Rest in Peace, Norman Mailer
Yesterday morning I heard Norman Mailer had died. It was a shock, but then again, he has been going strong since 1948. Even in my high school years, when I became very interested in anti-war protests, he was considered an older writer, part of the old guard.
Did I like his work? I can't say I did. But a writer like Mailer is a force, and respect is the only proper response. He was a workhorse, I've heard from other writers, and nothing is more admirable in a writer than hard work ... unless it's utter indolence, which can also lead to good writing, though not as much of it.
Mailer, right or wrong, had a clear voice and descriptive manner. I found him abrasive and disagreeable, but then again, as a so-called "feminist," I guess that's only natural. His book on Marilyn Monroe is a little frightening, more like the bitter account of rejection than reasonable nonfiction.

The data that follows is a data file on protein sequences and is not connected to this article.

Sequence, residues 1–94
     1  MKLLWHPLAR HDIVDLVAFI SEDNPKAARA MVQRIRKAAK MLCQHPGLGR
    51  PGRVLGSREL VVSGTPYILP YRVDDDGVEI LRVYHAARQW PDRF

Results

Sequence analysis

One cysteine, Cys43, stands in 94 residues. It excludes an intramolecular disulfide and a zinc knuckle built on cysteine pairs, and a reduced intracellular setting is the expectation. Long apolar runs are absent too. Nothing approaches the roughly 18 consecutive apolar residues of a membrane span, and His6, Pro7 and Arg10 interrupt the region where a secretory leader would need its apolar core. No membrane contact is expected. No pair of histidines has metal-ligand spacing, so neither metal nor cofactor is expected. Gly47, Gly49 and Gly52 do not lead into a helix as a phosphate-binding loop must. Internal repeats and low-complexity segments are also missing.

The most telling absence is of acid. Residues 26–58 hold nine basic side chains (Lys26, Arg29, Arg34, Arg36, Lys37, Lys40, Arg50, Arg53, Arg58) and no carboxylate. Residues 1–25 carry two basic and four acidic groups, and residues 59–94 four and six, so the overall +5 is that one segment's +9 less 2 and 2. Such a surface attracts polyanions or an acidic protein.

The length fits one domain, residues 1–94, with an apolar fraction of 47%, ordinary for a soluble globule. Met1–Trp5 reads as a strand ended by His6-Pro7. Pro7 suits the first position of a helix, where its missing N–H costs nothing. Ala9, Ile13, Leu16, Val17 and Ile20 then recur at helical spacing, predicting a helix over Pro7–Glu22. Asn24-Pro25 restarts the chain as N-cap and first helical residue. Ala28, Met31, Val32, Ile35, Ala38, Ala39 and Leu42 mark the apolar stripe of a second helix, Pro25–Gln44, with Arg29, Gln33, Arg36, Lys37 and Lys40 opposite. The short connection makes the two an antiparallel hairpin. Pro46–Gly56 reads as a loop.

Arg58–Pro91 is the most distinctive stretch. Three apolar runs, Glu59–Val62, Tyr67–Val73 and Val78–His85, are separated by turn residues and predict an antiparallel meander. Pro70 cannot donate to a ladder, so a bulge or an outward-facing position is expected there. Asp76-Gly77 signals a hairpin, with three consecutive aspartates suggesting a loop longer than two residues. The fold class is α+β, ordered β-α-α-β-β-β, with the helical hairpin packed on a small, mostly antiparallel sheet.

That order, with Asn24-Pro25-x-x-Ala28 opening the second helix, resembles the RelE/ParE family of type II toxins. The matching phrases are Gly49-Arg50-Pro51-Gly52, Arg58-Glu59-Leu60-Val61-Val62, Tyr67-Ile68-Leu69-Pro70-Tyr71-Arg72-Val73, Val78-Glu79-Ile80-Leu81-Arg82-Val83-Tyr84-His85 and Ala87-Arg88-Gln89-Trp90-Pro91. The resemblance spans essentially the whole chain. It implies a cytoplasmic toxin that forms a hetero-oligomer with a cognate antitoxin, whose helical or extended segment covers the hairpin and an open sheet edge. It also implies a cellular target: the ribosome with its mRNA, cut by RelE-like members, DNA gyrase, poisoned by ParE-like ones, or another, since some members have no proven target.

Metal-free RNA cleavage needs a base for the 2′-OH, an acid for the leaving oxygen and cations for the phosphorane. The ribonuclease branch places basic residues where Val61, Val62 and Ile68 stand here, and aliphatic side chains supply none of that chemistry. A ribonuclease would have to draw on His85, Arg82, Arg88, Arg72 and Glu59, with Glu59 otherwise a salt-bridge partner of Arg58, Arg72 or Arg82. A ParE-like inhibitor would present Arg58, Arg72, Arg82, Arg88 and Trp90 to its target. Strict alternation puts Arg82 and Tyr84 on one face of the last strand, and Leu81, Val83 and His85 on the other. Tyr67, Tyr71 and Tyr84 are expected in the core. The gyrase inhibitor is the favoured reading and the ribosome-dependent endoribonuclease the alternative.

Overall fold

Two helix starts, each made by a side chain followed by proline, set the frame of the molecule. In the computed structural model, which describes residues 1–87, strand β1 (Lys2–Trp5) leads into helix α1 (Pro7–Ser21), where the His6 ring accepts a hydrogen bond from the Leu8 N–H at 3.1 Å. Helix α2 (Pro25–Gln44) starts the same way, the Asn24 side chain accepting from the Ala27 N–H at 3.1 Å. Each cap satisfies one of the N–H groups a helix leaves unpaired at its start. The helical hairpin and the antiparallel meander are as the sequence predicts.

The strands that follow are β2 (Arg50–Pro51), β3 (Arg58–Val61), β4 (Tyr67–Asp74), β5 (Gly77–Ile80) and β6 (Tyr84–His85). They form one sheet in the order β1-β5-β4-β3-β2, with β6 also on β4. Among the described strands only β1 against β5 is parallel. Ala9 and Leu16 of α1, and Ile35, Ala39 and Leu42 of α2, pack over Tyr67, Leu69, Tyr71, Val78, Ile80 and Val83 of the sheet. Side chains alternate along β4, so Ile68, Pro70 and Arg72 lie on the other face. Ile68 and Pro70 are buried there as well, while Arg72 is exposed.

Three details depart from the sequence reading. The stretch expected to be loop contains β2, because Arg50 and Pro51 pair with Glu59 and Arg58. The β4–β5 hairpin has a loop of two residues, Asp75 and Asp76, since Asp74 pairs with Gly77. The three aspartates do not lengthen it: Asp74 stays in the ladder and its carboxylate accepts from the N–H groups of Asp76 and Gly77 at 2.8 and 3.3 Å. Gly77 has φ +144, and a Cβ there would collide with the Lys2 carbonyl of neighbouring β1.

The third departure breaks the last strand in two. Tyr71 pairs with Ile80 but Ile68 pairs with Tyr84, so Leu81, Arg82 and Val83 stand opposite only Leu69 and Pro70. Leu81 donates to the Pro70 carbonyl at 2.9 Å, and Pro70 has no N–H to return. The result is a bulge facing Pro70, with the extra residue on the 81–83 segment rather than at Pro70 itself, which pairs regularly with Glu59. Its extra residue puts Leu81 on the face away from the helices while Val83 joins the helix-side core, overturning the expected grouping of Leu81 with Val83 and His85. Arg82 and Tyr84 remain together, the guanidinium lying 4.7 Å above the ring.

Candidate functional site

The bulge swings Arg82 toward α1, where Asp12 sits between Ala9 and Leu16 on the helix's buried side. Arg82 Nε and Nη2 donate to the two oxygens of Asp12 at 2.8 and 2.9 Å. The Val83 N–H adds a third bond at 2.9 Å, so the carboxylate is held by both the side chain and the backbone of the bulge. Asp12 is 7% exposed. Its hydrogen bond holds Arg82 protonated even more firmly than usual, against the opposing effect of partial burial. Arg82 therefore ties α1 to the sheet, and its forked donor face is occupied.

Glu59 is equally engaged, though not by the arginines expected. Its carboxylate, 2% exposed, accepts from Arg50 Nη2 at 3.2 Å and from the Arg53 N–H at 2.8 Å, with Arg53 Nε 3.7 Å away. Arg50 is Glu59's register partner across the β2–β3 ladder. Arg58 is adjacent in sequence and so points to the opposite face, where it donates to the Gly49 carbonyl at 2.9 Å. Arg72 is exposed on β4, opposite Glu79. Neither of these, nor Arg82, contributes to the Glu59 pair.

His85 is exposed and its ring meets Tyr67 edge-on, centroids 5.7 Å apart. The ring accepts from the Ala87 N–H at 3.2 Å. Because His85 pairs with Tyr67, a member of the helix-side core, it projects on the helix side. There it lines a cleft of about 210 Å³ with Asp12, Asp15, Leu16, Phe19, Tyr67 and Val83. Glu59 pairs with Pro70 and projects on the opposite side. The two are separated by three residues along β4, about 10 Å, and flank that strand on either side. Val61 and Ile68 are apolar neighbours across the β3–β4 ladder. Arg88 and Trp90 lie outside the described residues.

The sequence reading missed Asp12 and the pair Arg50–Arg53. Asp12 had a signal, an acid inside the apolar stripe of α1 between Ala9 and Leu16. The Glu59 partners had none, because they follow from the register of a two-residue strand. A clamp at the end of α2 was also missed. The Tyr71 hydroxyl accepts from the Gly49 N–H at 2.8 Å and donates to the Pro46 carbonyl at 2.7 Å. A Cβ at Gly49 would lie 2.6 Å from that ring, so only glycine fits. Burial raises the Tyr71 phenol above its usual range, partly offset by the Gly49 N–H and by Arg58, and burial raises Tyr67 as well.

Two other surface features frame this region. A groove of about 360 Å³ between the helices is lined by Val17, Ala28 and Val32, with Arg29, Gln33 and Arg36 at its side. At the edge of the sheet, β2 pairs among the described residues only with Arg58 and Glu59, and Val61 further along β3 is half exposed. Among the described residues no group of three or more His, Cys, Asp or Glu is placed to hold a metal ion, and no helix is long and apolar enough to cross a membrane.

Like, say Hunter Thompson, Mailer burst into letters with an original point of view that wasn't a gimmick, that resonated with people. Some actors have this ability ... merely who they are radiates something true. Marilyn Monroe was that way, so is Jack Nicholson. Writers like Mailer have something to say that hasn't been said before.
Probably the funniest interview I ever read in Esquire was an interview between Norman Mailer and Madonna. The year was 1994 and she was wearing a spiked collar and leash on the cover. For once, you had things clearly stated ... the new guard was playing nice with the old.